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close this bookBasic Science and Health Education for Primary Schools Uganda (UNICEF, 1992, 162 p.)
close this folderIntroduction to Book
View the documentHow Children Learn
View the documentPlanning Health Education
View the documentDeveloping a Scheme of Work
View the documentDeveloping a Lesson Plan
View the documentTeaching Health Education
View the documentThe Child to Child Approach
View the documentResources for Teaching and Learning

How Children Learn

Children learn out of interest and curiosity. A teacher who is introducing new materials should first motivate children. Different methods of motivation should be used in order to get all the children who want to know something remember it and use it once they have learnt it.

We remember what we near

The materials to be learnt should be presented so clearly that it captures the pupils' interest. Some teachers can present clearly the material by using their voices and others can demonstrate so well that every child understands. Other methods such as plays and pictures may have to be used if all the children are to learn. In most cases children require both audio and visual aids to help them learn. More learning occurs if children are left to think about what has been taught. The child can then build mental pictures or images. Because of limited experiences it may be difficult for some children to build these images.

We remember what we read

We remember what we do

Such children are helped to learn by being shown the object they are to learn about.


Pictures, words and objects should be big enough for children to appreciate. Most children learn better if they are left to do things themselves. Science is most effectively learnt by doing. The teacher should know which method of learning is the best for the children. Teachers should recognise children who have a problem with hearing or with their sight and send them to hospital for correction.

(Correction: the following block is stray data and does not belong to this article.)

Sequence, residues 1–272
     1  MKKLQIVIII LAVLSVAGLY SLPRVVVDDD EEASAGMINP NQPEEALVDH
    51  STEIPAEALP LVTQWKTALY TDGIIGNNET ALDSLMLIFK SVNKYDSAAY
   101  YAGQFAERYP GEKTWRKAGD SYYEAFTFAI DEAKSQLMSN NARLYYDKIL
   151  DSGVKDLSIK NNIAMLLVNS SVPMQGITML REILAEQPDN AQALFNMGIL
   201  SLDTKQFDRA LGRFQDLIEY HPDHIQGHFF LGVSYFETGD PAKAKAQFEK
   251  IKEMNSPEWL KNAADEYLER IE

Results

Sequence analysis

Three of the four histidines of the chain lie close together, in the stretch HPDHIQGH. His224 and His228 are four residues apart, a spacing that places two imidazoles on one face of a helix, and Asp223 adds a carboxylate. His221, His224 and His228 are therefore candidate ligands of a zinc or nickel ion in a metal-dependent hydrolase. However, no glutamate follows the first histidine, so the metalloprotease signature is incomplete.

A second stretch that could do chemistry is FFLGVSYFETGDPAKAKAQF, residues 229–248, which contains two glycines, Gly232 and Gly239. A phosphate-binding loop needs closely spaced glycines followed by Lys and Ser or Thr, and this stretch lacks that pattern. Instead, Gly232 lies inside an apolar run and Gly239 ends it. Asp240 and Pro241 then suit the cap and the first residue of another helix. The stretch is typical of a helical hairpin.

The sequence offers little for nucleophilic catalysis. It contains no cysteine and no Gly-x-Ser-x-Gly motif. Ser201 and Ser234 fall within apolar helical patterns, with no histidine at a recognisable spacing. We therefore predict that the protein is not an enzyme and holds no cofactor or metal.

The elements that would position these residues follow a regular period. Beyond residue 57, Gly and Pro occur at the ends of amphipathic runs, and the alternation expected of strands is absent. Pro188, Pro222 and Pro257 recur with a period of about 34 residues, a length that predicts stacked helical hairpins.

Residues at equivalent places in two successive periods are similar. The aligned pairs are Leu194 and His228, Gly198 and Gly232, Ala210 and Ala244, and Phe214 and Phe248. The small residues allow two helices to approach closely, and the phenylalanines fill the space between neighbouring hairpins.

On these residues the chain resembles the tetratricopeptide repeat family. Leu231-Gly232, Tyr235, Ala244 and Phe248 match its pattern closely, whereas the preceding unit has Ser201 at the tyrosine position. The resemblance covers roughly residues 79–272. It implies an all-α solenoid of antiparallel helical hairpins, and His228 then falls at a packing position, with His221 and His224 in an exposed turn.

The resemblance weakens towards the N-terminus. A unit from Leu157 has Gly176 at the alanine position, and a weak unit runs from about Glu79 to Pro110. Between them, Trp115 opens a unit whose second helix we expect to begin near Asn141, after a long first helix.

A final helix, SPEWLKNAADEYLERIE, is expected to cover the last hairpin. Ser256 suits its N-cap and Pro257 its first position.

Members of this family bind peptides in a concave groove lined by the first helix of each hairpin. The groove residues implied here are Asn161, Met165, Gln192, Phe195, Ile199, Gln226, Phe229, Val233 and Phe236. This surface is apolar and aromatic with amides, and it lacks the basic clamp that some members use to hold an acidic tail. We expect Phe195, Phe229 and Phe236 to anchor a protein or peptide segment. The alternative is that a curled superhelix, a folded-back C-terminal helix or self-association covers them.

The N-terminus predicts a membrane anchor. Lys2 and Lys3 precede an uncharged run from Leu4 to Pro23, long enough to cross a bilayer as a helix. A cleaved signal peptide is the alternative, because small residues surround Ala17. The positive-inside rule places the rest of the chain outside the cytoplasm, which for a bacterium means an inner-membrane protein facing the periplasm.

Children also learn by imitation. They will copy the teacher's skills and behaviour. They also learn very well from other children. The quick learners in class can be good child teachers to other pupils. These can be used as models for others to copy. The teacher should always act as a guide if this child-to-child method is used. Children should be left to discover certain things and to tell their discovery to the rest of the class.


Teachers should try to associate new facts and skills to be learnt with ones already known. When children remember one fact they are likely to remember the others associated with it. Association helps children to recognise and understand certain things. Some examples of associations are bad behaviours and punishment, flies and diseases, good food and good health.

The materials to be presented, should be spaced and not too much should be taught at a time. Too much information confuses children.

After learning new materials it is easy to forget it unless it is practised and revised a number of times. Repetition fixes facts in our minds. The teacher should use the children's senses of hearing, sight, touch and movement.